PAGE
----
Today’s Autotrader Find is a 1996 Chevrolet Impala SS with just 316 miles on its odometer.
The feds dealt the muscle car era a seemingly insurmountable blow with strict fuel economy, safety, and emissions standards in the early 1970s. Almost overnight, Detroit’s big bruisers went from 400 horsepower to around 150 hp, and Americans shifted their interest toward more practical cars.
Then the 1990s hit, and General Motors, at least, got some of its mojo back. The company that pawned the Buick Skylark and the Oldsmobile Cutlass Ciera off on unsuspecting buyers who just couldn’t be bothered to test drive anything else also employed some engineers with a real passion for muscle.
The 1994 Chevrolet Impala SS was the zenith of this enthusiasm, and its presence is never likely to be matched again.
At first glance, the Impala looked a lot like the big B-Body Chevy Caprice, a cruiser popular with police departments and drivers who favored smooth V8 power and a cushy ride at a low price point. Chevy asked around $18,000 for a base Caprice back then, which used a perfectly acceptable (if not exactly rapid) 4.3-liter V8. For 1994, though, Chevy began offering a detuned version of the LT1-code 5.7-liter V8 used in the contemporary Corvette. With 260 horsepower, it provided ample acceleration and even decent towing ability — since that was a thing traditional Detroit iron drivers liked to do with their sedans and wagons.
Chevy wasn’t done, though. Late in the 1994 model year, the automaker revived the long-dormant Impala SS badge for a version of its Caprice that looked like GM had taken it through a proper Detroit speed shop. The 5.7-liter LT1 V8 was there, plus a limited-slip rear differential and 3.08:1 gearing. The sport-tuned suspension borrowed heavily from police versions of the Caprice designed for high-speed chases, and 4-wheel disc brakes were standard fare.
Looks-wise, the SS got a monochrome package with a color-matched grille, bumpers, and other trim. Gray leather seats were standard. Big (for the time) 17-inch alloy wheels wore Z-rated tires. Yes, Z-rated tires on a nearly 18-foot-long sedan. A Chevy Suburban was just a few inches longer.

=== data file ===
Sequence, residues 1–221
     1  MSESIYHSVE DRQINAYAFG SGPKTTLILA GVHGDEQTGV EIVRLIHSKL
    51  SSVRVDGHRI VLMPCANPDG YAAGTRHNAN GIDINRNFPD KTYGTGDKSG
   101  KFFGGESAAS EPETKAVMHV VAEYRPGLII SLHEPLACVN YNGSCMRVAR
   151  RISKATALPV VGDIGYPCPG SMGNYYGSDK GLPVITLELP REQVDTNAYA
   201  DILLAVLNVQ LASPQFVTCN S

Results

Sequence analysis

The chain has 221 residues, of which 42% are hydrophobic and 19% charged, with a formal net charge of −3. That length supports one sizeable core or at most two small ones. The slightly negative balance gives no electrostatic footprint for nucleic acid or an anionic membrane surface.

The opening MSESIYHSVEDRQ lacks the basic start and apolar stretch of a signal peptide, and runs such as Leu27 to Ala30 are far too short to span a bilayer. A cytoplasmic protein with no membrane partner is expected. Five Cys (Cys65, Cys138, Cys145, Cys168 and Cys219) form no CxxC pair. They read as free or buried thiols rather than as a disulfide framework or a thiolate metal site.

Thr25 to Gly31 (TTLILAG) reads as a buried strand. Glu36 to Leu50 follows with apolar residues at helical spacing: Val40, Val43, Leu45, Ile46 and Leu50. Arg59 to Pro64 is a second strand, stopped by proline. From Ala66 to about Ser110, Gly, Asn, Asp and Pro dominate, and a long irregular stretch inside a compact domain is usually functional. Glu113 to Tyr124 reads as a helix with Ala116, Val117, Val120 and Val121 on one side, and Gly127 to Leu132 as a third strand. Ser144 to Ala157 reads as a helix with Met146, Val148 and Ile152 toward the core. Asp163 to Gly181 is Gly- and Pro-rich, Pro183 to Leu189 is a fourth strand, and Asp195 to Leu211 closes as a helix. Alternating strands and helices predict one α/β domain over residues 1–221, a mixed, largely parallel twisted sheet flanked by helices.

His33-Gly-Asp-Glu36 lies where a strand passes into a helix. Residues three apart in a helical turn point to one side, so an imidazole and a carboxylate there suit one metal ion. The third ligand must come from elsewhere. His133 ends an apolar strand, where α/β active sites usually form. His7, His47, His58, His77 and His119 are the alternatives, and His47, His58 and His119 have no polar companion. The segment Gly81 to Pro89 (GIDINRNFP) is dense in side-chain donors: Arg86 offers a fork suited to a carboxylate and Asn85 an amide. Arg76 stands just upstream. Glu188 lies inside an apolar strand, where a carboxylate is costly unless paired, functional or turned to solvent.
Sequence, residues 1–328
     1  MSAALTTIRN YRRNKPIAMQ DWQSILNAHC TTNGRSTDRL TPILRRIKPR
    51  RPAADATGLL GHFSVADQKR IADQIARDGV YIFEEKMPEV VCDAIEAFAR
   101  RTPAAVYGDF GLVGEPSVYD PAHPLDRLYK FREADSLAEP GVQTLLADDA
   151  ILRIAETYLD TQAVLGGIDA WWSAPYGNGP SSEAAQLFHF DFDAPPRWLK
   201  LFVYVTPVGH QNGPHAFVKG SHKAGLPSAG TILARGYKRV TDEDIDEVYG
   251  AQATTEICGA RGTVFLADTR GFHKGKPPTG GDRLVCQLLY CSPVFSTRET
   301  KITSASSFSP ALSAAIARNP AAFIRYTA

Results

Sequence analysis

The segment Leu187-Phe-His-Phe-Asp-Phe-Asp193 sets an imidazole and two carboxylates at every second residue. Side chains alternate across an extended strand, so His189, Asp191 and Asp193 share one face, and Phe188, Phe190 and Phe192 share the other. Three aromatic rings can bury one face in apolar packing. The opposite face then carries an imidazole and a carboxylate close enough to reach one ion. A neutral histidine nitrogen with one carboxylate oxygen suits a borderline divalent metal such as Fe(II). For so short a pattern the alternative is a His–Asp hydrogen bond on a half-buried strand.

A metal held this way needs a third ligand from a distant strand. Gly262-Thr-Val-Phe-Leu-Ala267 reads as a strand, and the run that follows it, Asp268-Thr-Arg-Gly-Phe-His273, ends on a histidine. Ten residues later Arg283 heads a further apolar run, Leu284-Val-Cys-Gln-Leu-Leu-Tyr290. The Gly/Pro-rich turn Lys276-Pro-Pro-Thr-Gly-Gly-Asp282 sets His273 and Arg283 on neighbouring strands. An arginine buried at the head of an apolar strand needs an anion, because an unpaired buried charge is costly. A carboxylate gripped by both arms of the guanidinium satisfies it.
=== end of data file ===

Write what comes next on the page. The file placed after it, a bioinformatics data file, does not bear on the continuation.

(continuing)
The Impala weighed in at around 4,000 pounds, hardly making it a lightweight. Still, its 7-second 0-60-mph sprint was quick for the time. Even if it hadn’t been peppy, the Impala SS had all the swagger that Chevy needed at the time.
Chevrolet is essentially out of the sedan game entirely now, aside from a plain-Jane Malibu largely sold to rental fleets. Chevy closed its full-size, rear-wheel-drive sedan chapter entirely in 1996. We’re not likely to ever see a car like the Impala SS again.
If you missed out on buying a new one, this final-year 1996 in black has just 316 miles on its odometer. It appears to be an essentially new Impala SS in the right color and with no visible modifications. It’s offered for $59,990 at a used car dealer in suburban Dallas. The included Carfax report shows it’s been in a few states, but those miles clearly show it has been kept as a collectible and not as a daily driver.
This one appears to have the only option package available, a $490 group that included a power-adjustable passenger’s seat, an auto-dimming rearview mirror with reading lights, and automatic headlights. A CD player was the only other major option for the year, and in proper 1996 style, it’s fitted to this one. Go find that “Jagged Little Pill” CD you’ve had tucked away for 25 years. See Chevrolet Impala models for sale